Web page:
Team GB and Welsh cyclist Ethan Vernon was this year announced for selection for the Commonwealth Games in Australia, where he competed in the 1000m Time Trial, 4000m Individual Pursuit and the 4000m Team Pursuit for Wales, where they finished fourth. We chatted to Ethan a few days before the Junior Track Nationals where he had a great result beating his own National Record and winning the title to claim Gold. Catching up with Ethan, he tells us how his cycling career started, about competing for Team Wales and his training for events.
How was your experience at the Gold Coast Commonwealth Games earlier this year?
It was a great experience especially with it being so far from home and my first major championship! It felt special to be surrounded by Olympic Champions, but also to get to know them too. The athletes village was pretty cool as well!
What was it like competing for Team Wales?
It was a great experience to represent Wales at the Commonwealth Games. Something that doesn’t happen often and I was very proud to represent them over in Australia! The team were a great laugh and certainly made it an experience to remember!
Is there anything you feel you have learnt from your time at these Games?
Lots of positives to take away from the Games. It will have definitely settled any nerves for the Junior World Track Champs later on in the year. Also to be only 0.9 seconds off the Bronze medal with only three to four training sessions together was pretty impressive and something we can build on before the Birmingham Games in 2022.
What’s the reaction been like from your hometown since you returned from the Gold Coast?
I did a recording for ITV news before I left so I had quite a few of the locals supporting me and watching my progress at the Games.
My school made a big fuss too upon my return along with hundreds of messages on social media.
You are currently in training for the World Championships, how is this going?
Yeah, it’s going to plan at the moment. Power data and track times are significantly better than last year so I’m looking forward to it!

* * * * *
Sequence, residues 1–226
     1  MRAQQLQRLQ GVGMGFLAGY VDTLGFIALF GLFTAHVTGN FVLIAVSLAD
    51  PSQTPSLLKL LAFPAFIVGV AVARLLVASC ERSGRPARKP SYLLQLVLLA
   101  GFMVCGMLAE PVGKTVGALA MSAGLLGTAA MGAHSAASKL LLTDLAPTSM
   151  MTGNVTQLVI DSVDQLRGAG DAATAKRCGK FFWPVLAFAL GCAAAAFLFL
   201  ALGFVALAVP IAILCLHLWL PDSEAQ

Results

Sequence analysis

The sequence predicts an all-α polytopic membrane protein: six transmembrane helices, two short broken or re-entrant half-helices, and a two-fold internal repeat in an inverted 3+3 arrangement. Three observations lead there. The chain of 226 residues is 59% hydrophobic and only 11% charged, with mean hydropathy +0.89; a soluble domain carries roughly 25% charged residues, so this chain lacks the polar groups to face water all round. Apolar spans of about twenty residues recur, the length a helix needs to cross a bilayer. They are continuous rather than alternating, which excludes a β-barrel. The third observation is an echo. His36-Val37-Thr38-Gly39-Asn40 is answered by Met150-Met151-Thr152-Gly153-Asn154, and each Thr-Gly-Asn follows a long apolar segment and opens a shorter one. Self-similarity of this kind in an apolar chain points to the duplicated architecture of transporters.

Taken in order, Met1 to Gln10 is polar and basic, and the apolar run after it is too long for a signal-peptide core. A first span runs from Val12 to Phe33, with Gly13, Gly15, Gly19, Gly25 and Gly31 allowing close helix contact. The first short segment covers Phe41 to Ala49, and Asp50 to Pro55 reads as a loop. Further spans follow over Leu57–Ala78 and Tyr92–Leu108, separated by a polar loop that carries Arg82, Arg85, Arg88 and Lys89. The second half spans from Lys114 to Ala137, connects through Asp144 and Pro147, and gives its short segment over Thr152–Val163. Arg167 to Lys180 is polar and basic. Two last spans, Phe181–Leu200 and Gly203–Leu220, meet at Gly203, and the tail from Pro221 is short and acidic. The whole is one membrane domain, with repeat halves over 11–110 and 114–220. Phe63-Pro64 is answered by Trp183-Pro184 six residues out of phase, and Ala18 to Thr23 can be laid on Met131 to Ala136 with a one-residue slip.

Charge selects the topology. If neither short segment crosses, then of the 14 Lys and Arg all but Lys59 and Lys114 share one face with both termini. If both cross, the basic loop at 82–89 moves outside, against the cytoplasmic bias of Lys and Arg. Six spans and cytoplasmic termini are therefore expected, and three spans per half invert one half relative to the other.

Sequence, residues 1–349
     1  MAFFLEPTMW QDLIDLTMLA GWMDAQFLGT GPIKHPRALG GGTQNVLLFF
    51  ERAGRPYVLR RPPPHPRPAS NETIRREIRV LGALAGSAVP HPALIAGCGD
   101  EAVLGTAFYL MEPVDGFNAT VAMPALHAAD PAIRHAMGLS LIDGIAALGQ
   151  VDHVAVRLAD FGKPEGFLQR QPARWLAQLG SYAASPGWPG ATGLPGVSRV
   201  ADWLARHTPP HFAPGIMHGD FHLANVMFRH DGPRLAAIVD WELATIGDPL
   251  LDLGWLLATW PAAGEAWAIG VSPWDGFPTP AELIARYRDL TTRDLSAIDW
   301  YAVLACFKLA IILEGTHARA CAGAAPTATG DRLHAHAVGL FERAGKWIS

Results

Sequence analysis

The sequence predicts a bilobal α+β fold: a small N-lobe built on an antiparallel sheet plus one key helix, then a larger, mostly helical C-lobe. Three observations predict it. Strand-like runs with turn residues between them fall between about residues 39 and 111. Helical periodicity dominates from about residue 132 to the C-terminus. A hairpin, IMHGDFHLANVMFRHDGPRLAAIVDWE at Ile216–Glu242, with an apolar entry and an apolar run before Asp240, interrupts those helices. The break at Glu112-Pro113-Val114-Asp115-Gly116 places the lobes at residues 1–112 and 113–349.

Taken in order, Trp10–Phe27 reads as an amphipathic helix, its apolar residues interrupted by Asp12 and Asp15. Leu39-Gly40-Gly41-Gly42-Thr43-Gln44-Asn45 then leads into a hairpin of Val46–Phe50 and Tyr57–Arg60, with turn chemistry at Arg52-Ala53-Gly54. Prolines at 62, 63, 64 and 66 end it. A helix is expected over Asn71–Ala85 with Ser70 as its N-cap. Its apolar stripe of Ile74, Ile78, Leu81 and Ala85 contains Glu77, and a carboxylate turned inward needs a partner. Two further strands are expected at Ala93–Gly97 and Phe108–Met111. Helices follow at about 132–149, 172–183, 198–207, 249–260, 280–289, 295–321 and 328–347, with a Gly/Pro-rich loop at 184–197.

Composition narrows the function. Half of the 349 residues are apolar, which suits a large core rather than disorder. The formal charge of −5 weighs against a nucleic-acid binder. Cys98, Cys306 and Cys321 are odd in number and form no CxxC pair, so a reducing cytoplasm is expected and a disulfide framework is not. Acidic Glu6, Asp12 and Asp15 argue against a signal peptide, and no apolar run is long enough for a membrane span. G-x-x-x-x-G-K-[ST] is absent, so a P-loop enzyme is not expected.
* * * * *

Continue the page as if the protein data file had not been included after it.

What races are you preparing for this year?
· Junior Track Nationals starting in two days (Monday 23rd July) which last a week
· Junior World Track Champs (15th August)
· Junior Tour Of Wales (24th August)
What would you say has been the hardest race of your career?
Probably in BMX where I broke my leg on the first jump in the semi-final and carried on riding the remainder of the race to finish third and qualify for the final! That was definitely the hardest race I’ve ever done!
How do you ensure your bike doesn’t get damaged when travelling for competitions?
I took a hard-shelled bike box to Australia. I prefer these to a soft-shelled case as the box takes the impact rather than the bike. Lots of foam was wrapped around the frame too to protect it!
How long does it take to get accustomed to a new bike?
A new bike not so much. A new position, however, takes a lot of time to get used to. This tends to happen for me in the off-season so that I am not messing around with my bike leading up to major events.
When you get a new bike, you tend to copy the geometry across from your old bike and therefore it should not take long to accustom to a new bike.
What does your training usually consist of and where do you train?
At the moment, it consists of training camps with Great Britain Cycling Team in Manchester, Newport and Derby which consist of double days on the Track and Road lasting roughly a week. Outside of camps: four-hour road rides, intervals on the turbo and S&C are in a typical week’s training.
What’s the furthest distance you have cycled?
110 miles. I grew up riding a BMX for forty seconds so never trained to do long road miles! I’m still only seventeen and the races are only 70 mile maximum so there is no need to ride long distances.
When and how did your cycling career start?
I started racing BMX at six years of age up until I was fourteen. Picked up quite a lot of injuries over the years so started training at the Welwyn Wheelers outdoor velodrome to assist with rehab and to work on my power and endurance.
Wasn’t long before I started racing and became hooked on the track. This then progressed on to the road up to where I am now.
Was there anything that made you decide to take cycling up as a professional sport?
I was racing at the age of six so it’s not something I decided to take up as a profession. I always preferred cycling over school, so it has taken priority over school for the last twelve years.
Have you always enjoyed cycling?
Yeah, it’s always been cycling I’ve enjoyed. I gave a few sports like football and rugby a go when I was younger which was a good laugh and good fun, but had to give them up when the training for cycling got more serious.
For someone looking to get into cycling, how would you encourage them to start?
The Go-Ride scheme set up by British Cycling is a great way for beginners to start. Good fun way to encourage the youths to cycle, but also learn lots of useful techniques which are beneficial as you develop in the sport.
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